Trauma can happen to anyone at any age. It affects everyone differently. You might have been caught up in the same frightening event as someone else and have a completely different reaction.
What is trauma?
Traumatic events are those that put you or someone close to you at risk of serious harm or death. Our usual ways of coping are overwhelmed, leaving us feeling frightened and unsafe. We can be traumatised through:
- one-off events such as an accident, violent attack or natural disaster
- ongoing stress such as childhood or intimate partner abuse, bullying, long-term illness or a pandemic such as COVID-19
- living in an unstable or unsafe environment
- seeing someone else get hurt
How you’re affected by trauma is nothing to do with how strong you are. Your reaction can depend on whether you’ve had previous traumatic experiences, other stresses in your life and how much support you have afterwards.
How might trauma affect me?
When faced with a traumatic event, our bodies react by preparing us to respond. This is an automatic survival mechanism and we have no control over it.
You might have heard of ‘fight or flight’, but there is a wider range of reactions.
- Fight – fighting, being defensive, protesting
- Flight – running away, escaping
- Freeze – being unable to move or make decisions
- Fawn – trying to please or win over someone hurting you
- Flop – becoming overwhelmed and unresponsive, feeling disconnected from your body (dissociating), sometimes even fainting
Physically, you might notice your heart beating faster, thoughts racing, breathing becoming quicker and shallower, sight becoming sharper, nausea, cold hands, shaking or dizziness. These all prepare your body to react to danger but can be uncomfortable or frightening if you don’t know why they’re happening.
Your body will usually go back to normal within half an hour of the event being over.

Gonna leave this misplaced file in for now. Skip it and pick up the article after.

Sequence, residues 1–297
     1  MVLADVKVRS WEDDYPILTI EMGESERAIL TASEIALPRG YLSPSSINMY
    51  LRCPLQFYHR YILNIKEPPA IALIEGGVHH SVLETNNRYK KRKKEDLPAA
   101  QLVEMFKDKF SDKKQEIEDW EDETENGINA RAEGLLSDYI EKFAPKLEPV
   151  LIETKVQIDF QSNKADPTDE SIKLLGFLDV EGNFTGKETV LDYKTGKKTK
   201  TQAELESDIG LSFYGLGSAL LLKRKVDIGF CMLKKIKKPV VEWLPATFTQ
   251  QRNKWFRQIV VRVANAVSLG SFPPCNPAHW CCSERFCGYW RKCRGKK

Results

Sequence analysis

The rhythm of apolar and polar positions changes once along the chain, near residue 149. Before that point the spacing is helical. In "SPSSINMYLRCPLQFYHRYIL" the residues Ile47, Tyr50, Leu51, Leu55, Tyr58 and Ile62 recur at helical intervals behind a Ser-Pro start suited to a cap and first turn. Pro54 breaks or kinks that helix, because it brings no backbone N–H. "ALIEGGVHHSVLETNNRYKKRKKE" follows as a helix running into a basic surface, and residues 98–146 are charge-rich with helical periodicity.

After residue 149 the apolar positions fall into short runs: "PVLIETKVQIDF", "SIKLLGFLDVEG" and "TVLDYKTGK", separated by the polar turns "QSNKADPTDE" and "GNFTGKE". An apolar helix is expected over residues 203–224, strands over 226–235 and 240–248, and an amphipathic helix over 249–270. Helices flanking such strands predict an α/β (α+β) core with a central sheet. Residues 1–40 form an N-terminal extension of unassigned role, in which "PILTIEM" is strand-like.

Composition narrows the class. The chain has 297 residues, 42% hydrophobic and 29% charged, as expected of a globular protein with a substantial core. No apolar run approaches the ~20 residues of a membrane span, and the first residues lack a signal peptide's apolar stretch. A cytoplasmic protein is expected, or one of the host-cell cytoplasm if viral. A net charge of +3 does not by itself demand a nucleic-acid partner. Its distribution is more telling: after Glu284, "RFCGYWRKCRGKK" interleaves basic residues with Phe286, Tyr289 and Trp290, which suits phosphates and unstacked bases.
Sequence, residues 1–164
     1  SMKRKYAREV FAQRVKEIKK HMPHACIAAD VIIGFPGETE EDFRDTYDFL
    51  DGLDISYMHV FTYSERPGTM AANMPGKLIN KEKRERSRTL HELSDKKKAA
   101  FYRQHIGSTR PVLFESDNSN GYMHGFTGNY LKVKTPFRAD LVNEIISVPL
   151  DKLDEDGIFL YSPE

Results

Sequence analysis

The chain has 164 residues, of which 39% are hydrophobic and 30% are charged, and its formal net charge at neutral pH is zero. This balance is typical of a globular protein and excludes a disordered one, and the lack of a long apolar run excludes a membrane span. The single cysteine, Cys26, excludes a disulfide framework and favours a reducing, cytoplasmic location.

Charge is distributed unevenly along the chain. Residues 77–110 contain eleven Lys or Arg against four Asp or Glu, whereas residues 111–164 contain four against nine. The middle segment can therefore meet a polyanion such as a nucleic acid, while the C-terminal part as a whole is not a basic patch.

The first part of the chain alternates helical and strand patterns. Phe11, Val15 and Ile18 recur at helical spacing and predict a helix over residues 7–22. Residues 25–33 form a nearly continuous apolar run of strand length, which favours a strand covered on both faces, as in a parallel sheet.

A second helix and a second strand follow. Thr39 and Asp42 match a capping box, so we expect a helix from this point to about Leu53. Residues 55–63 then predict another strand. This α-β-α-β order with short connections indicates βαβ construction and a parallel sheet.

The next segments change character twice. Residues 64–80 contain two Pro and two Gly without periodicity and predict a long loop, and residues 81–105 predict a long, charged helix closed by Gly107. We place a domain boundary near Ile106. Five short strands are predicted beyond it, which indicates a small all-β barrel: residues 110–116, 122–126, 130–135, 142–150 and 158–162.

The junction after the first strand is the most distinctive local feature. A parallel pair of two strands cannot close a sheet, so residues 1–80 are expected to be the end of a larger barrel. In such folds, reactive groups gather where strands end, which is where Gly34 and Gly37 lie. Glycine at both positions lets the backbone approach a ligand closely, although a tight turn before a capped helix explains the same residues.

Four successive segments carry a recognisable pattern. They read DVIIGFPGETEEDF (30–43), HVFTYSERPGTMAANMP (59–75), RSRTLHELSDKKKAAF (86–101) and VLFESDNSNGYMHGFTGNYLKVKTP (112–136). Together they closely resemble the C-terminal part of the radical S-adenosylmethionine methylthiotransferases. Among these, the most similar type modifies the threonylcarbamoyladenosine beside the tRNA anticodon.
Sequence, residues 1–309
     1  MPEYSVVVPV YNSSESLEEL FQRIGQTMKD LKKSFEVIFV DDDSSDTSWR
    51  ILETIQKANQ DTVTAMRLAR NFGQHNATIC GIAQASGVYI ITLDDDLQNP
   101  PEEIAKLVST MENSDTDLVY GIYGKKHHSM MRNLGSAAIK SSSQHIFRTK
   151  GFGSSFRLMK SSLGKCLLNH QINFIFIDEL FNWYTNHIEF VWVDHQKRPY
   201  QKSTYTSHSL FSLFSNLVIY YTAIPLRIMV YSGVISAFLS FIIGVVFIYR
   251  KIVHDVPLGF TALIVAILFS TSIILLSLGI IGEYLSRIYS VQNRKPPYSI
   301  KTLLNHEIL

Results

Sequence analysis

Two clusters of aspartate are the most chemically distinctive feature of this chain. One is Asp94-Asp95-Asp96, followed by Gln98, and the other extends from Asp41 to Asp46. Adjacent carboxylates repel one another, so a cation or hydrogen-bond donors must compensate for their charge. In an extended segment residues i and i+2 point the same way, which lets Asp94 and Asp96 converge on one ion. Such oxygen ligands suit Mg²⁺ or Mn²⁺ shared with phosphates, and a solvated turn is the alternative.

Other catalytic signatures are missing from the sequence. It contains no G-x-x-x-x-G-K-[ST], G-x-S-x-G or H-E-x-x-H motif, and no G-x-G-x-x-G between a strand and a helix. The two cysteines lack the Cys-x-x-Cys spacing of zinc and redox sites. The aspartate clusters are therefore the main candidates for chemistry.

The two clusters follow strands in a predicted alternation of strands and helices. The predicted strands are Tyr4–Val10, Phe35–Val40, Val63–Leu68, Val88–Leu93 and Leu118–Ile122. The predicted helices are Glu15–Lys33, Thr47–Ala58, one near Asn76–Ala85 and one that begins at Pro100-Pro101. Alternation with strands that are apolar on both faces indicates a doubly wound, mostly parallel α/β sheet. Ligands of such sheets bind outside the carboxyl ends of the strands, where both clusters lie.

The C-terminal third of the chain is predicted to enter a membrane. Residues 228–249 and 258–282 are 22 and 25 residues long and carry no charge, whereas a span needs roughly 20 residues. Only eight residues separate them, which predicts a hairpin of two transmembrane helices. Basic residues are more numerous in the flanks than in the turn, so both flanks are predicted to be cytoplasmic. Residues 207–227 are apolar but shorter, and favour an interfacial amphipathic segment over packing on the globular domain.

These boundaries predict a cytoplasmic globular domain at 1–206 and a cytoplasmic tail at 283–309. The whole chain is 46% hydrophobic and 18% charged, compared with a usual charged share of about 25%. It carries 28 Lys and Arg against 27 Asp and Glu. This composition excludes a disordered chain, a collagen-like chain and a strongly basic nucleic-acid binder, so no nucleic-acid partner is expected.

However, sometimes these feelings continue long after the trauma is over. Our bodies and minds get stuck in this danger mode even when the threat has passed. You may find yourself reliving the event through flashbacks or nightmares, feel constantly on edge, angry, guilty or upset, have panic attacks, feel numb or distant from others or have problems sleeping.
The long-term effects of trauma
Trauma can make you more vulnerable to developing mental health problems. It can also directly cause post-traumatic stress disorder (PTSD). Some people misuse alcohol or drugs, or self-harm to try to cope with difficult memories and emotions.
Depending on how you’re affected, trauma may cause difficulties in your daily life. For example, it may be harder to trust people, which can make relationships and friendships harder to maintain. You may struggle to look after yourself, hold down a job or take pleasure in things you used to enjoy. You may have difficulty managing your emotions, and react in ways that feel illogical or over-the-top – because your mind is reacting to the memory of what happened to you, not your current situation.
Trauma can affect your body as well as your mind. Research shows it can increase your risk of developing physical health problems, including long-term illnesses. Speak to your GP about any physical symptoms.
It’s never too late to get help with the effects of trauma, no matter how long ago it occurred.
There are different types of treatment available for trauma. The right one for you will depend on your symptoms and how they affect you. Speak to your GP to find out what help is available. Some services are starting to follow a trauma-informed approach, which means they should create a space where you feel safe and empowered and won’t be retraumatised.
Our page on post-traumatic stress disorder (PTSD) has more information about the types of treatment you may be offered as well as ideas on how to look after yourself. You won’t necessarily have to talk about your traumatic experience if you don’t want to: there are ways of helping you that mean you don’t have to relive what you went through.